Helpful primary and secondary sources.  In composing your Suetonian introduction, you might wish to consult other ancient prose introductions. Historiographers of antiquity were acutely aware of the importance of starting off on the right foot.  For your consultation and comparison, here are links to the openings by six different Greek and Latin historians, which collectively illustrate how authors introduced their works:

In addition to the articles we have discussed this semester, you might find the following secondary sources useful:

If you use these or other secondary sources for your essay, you must cite them accordingly.

B.  Sight translation.

Translate into English 4 out of 6 short passages chosen from Suetonius' Augustus, Caligula, and Nero.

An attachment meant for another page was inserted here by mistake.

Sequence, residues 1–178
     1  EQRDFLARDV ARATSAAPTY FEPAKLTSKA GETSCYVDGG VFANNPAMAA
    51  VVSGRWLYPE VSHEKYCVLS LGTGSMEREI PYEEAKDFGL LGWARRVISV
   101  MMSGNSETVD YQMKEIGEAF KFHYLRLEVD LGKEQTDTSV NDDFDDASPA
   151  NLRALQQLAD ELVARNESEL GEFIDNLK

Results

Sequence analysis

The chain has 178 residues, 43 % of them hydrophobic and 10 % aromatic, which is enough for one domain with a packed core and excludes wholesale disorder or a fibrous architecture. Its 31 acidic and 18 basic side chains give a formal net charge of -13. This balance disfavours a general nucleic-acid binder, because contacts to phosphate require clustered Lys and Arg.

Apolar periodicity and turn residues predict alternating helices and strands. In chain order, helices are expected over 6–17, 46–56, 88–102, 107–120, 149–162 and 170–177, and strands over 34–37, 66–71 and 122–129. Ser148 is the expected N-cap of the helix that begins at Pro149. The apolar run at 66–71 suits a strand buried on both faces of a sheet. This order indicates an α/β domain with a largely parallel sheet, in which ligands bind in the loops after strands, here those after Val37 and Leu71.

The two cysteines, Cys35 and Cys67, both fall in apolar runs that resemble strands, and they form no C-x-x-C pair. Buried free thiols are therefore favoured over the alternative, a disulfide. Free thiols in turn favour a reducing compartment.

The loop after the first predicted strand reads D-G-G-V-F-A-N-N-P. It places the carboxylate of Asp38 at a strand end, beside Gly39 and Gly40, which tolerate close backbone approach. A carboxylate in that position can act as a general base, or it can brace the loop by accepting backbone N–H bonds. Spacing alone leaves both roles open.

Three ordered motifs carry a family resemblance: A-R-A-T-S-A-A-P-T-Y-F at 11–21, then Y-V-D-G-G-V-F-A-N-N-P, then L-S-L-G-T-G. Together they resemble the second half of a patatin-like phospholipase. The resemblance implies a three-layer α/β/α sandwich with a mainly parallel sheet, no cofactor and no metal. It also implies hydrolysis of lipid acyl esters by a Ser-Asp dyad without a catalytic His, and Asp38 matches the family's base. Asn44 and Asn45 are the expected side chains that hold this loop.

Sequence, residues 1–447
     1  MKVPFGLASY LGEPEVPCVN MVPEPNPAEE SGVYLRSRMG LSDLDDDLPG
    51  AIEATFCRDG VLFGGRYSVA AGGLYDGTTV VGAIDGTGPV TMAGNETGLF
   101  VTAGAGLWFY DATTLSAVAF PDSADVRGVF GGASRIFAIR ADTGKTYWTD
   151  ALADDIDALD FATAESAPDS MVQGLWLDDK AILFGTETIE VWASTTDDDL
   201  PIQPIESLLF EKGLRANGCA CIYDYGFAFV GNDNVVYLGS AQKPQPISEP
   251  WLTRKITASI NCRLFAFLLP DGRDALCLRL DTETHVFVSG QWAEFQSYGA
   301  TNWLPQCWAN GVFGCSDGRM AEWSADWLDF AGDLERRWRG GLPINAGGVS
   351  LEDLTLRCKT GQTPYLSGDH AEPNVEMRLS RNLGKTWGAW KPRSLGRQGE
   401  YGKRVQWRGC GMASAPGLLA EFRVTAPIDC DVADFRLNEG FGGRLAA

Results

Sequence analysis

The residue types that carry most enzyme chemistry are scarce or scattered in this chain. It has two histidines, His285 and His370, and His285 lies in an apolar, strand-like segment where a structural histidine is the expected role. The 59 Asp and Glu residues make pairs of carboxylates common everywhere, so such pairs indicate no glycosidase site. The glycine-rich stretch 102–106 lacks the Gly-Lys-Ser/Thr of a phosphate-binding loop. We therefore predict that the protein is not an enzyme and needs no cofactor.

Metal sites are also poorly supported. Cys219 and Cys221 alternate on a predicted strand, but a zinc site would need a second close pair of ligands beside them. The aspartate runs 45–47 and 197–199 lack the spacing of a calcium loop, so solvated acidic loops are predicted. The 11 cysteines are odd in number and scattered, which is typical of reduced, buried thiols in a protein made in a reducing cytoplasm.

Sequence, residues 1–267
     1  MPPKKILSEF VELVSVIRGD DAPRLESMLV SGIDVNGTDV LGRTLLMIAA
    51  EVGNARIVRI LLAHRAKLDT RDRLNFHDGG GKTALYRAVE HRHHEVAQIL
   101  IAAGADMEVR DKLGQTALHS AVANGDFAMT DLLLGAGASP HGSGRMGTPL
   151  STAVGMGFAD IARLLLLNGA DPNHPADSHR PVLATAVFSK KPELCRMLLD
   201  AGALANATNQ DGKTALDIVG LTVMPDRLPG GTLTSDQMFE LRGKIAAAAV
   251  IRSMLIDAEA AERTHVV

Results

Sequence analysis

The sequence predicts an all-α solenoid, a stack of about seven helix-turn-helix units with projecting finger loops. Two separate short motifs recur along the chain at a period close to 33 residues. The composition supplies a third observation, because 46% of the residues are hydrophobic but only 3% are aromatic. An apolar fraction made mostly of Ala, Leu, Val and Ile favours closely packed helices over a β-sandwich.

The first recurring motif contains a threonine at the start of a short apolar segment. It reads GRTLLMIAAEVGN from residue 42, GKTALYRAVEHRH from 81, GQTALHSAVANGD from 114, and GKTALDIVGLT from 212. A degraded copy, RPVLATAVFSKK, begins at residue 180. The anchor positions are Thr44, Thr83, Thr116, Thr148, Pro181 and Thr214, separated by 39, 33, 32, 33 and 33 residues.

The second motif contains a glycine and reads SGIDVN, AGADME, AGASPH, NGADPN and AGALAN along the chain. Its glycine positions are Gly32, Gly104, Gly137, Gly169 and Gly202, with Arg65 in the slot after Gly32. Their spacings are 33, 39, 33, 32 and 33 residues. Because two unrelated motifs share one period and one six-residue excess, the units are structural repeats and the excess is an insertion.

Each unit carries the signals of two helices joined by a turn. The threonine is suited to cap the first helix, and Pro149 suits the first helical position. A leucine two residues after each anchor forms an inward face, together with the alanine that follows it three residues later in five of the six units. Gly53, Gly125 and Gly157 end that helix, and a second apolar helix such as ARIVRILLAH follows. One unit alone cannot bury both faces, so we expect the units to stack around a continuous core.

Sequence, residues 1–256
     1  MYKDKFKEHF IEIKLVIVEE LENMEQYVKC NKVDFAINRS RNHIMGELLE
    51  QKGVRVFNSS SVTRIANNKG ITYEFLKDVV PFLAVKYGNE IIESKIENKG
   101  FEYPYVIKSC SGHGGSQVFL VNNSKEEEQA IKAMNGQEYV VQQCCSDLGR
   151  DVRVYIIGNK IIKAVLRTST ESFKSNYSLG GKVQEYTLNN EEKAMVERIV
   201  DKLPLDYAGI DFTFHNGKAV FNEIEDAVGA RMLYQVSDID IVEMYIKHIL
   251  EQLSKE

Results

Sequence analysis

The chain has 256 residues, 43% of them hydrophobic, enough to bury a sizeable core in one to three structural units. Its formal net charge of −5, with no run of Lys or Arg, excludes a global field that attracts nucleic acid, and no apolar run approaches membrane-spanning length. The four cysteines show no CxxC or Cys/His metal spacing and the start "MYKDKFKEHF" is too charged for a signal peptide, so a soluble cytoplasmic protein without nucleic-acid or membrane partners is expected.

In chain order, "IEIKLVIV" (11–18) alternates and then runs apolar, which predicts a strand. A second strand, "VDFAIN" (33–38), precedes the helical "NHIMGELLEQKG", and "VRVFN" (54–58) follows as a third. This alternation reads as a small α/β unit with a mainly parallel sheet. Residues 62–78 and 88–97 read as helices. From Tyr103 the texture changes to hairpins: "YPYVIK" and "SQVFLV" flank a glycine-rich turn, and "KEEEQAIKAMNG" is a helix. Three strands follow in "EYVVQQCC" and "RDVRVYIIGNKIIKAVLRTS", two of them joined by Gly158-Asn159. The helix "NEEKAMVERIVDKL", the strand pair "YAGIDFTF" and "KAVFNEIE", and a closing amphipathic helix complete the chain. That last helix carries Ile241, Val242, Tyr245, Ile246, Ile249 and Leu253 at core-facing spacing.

Like our in-class practice passages, all of the selections on the exam will be supplemented with vocabulary lists.  In addition, you may ask Prof. Curley — in person, if he is in the room, or via telephone (580-5463) if not — one question pertaining to vocabulary, grammar, or syntax.

If you phone Prof. Curley, ask your question in the exam room and share the answer with your peers.  This will be the only peer-peer communication allowed during the exam.  You may not collaborate with your peers on the question itself, nor may you discuss any other aspect of the exam with anyone other than your professor.

You will benefit greatly by making your own outlines of each biography, so as to aid your locating each passage within a larger context.

Also, in accordance with the notion that practice makes perfect, you will find additional practice passages here.

© Skidmore College Classics Department